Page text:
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Attending the Informed Consent Conference

Typically, the following people attend the Informed Consent Conference:
  • Your child's doctor
  • Other medical team members, such as a nurse, may be present. It has been shown that families who understand the information best are those whose consent conferences included a nurse.
  • If you are at a teaching hospital, doctors who are receiving advanced training (such as a fellow or resident) may come to the conference.
  • You can bring a family member or friend with you to the conference who can help take notes and listen with you. Some families bring along a trusted spiritual advisor (such as a minister or rabbi) or family counselor for support. These are choices you can make.
  • Most hospitals have social workers or counselors who are specially trained in helping families cope with cancer diagnosis. You can request that they join this meeting or meet with you afterwards.

You can decide who you would like in the conference and whether your child should be there. You need to be able to concentrate on the information the doctor is giving you. If you have a young child, it may be best to arrange to have the meeting without your child. A family member or friend may help by staying with your child while you're in the conference. Older children may want to be included in the conference, depending on how they are feeling, or they can be present for only part of the meeting so you feel you can easily ask the doctors everything you want to when the child is not present. There is no one best answer for every family. You know yourself and your child best and may want to talk about this decision with a social worker, nurse, psychologist or supportive other person who knows you and your family.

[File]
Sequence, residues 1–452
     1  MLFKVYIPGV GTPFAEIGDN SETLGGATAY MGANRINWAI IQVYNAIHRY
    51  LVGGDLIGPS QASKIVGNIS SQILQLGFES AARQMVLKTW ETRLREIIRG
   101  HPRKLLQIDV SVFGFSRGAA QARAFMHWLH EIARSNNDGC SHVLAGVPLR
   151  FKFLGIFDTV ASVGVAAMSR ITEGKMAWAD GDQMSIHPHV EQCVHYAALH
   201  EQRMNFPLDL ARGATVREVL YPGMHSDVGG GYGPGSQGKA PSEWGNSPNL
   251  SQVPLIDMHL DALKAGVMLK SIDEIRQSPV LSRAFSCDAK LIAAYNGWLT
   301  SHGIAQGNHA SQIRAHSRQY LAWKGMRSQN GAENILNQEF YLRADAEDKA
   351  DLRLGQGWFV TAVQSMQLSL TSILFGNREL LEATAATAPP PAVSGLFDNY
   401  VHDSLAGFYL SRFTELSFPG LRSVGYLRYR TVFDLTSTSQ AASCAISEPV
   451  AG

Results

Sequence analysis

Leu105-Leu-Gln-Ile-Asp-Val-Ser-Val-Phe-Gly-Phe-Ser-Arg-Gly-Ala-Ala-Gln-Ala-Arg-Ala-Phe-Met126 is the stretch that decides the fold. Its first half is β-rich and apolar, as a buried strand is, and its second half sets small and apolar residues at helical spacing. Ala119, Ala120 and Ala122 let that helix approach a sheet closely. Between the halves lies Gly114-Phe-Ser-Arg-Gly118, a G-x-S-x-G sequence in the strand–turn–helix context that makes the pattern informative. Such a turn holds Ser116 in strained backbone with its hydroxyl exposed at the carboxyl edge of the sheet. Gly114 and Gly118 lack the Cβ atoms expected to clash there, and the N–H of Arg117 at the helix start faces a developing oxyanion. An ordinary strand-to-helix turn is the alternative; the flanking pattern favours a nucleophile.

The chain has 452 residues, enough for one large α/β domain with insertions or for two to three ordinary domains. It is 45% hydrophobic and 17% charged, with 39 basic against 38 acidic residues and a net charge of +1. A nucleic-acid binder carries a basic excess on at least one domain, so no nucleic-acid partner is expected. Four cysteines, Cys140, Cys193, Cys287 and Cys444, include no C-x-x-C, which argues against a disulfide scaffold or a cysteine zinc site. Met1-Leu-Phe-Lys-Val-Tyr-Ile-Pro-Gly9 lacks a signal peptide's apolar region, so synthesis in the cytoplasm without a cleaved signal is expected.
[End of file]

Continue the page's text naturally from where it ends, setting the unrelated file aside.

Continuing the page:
Informed Consent
Managing the Conference
Making Treatment Decisions
Clinical Trials
Second Opinions

© The Children's Oncology Group
The information and content provided on this website is made available for informational purposes only for children and their families affected by cancer. While the Children's Oncology Group strives to provide accurate and up-to-date information, the information may be out of date or incomplete in certain respects. Please do not rely on this information and seek the care of a qualified medical professional if you have questions regarding a specific medical condition, disease, diagnosis or symptom. The information and content presented herein is not intended to replace the independent clinical judgement, medical advice, screening, health counseling, or other intervention performed by your (or your child's) health care provider. Please contact "911" or your emergency services if this is a health emergency. No endorsement of any specific tests, products, or procedures is made herein.